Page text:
Japan’s Defense Ministry ordered home its naval ships from the Indian Ocean today, ending for now a six-year mission in support of the war in Afghanistan that raised the nation’s military presence overseas but has recently drawn increasing criticism domestically.
A destroyer and supply ship that had been refueling warships for the United States and other nations were recalled at 3 p.m. as a special law authorizing the mission was due to expire at midnight. The government of Prime Minister Yasuo Fukuda was unable to renew the law immediately because of opposition from the Democratic Party, which seized control of Parliament’s upper house in a landslide election victory during the summer.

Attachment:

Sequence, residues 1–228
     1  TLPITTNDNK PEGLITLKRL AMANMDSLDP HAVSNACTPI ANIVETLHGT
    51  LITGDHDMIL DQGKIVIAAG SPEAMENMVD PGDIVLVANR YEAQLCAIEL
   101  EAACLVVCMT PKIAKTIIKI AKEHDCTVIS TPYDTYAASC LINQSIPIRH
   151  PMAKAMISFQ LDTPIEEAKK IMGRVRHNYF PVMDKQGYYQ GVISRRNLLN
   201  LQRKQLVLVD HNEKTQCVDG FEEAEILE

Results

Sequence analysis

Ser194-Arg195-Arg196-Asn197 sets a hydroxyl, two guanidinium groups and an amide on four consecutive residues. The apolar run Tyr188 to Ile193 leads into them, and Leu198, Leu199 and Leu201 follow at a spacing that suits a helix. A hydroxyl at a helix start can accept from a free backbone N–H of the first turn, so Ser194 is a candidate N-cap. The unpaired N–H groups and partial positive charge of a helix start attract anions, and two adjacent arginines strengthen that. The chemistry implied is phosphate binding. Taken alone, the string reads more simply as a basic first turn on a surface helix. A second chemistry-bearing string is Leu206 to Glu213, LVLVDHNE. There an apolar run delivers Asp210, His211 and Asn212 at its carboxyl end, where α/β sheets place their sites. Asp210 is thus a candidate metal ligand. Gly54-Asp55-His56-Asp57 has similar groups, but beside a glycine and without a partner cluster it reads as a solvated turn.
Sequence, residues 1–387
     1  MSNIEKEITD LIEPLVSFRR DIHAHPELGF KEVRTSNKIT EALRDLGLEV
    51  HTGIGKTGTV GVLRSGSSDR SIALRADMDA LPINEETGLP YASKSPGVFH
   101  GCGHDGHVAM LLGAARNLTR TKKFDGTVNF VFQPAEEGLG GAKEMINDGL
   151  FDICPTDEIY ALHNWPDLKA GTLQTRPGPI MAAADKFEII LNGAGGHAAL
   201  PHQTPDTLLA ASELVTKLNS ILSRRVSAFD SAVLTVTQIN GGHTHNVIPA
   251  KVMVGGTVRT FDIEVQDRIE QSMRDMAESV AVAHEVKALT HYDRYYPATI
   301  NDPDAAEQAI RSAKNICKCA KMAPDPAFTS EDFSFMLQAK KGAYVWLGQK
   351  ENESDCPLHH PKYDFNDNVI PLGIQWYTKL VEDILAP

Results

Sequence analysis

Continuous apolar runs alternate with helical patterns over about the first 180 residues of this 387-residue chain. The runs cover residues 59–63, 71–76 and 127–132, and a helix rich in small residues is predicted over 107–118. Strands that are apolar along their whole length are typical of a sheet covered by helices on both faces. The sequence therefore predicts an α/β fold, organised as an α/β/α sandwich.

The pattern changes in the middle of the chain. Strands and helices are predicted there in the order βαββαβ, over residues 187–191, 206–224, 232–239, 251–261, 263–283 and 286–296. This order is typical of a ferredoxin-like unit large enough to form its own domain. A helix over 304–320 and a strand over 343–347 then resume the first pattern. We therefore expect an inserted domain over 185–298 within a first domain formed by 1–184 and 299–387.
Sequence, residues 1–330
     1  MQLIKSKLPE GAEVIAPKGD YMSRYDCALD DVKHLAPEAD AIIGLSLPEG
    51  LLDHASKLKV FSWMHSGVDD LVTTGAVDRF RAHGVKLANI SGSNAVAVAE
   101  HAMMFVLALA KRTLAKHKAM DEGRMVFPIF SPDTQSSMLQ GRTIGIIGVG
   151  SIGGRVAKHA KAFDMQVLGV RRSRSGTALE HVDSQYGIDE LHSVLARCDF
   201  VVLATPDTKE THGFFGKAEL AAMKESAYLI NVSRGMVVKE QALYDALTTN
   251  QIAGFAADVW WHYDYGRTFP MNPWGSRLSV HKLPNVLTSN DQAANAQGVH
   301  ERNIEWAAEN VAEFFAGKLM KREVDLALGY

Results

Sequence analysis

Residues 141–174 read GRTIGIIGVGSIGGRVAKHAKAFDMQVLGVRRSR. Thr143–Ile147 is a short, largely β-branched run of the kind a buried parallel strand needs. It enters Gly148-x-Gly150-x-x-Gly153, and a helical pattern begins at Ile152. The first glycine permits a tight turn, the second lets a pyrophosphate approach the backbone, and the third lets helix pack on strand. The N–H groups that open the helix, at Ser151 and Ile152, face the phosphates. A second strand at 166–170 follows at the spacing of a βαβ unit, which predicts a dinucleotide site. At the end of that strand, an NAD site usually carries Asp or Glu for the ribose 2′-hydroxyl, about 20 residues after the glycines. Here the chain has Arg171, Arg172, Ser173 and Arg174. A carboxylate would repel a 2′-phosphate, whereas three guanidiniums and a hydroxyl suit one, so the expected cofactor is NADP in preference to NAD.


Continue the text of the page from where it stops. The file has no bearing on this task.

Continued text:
The United States had urged Japan to extend the refueling mission which, while largely symbolic, provided important diplomatic support for Washington. The mission — based on a “special antiterrorism law” — constituted pacifist Japan’s main contribution to the Bush administration’s global campaign against terrorism.